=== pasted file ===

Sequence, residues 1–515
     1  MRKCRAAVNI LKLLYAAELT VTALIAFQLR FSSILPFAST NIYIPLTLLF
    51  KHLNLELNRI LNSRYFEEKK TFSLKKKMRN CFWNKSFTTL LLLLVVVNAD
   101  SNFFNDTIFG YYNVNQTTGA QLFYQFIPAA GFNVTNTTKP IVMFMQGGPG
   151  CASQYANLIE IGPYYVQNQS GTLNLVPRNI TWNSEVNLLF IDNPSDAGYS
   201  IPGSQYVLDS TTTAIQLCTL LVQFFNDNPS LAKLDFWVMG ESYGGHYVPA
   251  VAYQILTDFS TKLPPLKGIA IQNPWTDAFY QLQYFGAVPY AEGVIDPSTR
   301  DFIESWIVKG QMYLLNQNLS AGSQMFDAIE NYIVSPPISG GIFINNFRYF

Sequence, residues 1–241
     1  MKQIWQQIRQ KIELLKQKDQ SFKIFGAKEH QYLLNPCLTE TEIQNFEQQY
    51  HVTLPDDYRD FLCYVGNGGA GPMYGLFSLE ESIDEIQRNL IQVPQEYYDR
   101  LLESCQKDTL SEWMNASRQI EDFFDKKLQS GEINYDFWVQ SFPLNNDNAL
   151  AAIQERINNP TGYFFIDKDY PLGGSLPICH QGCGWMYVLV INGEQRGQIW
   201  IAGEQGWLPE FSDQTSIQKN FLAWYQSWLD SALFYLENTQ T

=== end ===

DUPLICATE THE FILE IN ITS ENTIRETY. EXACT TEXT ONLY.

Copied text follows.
Sequence, residues 1–515
     1  MRKCRAAVNI LKLLYAAELT VTALIAFQLR FSSILPFAST NIYIPLTLLF
    51  KHLNLELNRI LNSRYFEEKK TFSLKKKMRN CFWNKSFTTL LLLLVVVNAD
   101  SNFFNDTIFG YYNVNQTTGA QLFYQFIPAA GFNVTNTTKP IVMFMQGGPG
   151  CASQYANLIE IGPYYVQNQS GTLNLVPRNI TWNSEVNLLF IDNPSDAGYS
   201  IPGSQYVLDS TTTAIQLCTL LVQFFNDNPS LAKLDFWVMG ESYGGHYVPA
   251  VAYQILTDFS TKLPPLKGIA IQNPWTDAFY QLQYFGAVPY AEGVIDPSTR
   301  DFIESWIVKG QMYLLNQNLS AGSQMFDAIE NYIVSPPISG GIFINNFRYF

Sequence, residues 1–241
     1  MKQIWQQIRQ KIELLKQKDQ SFKIFGAKEH QYLLNPCLTE TEIQNFEQQY
    51  HVTLPDDYRD FLCYVGNGGA GPMYGLFSLE ESIDEIQRNL IQVPQEYYDR
   101  LLESCQKDTL SEWMNASRQI EDFFDKKLQS GEINYDFWVQ SFPLNNDNAL
   151  AAIQERINNP TGYFFIDKDY PLGGSLPICH QGCGWMYVLV INGEQRGQIW
   201  IAGEQGWLPE FSDQTSIQKN FLAWYQSWLD SALFYLENTQ T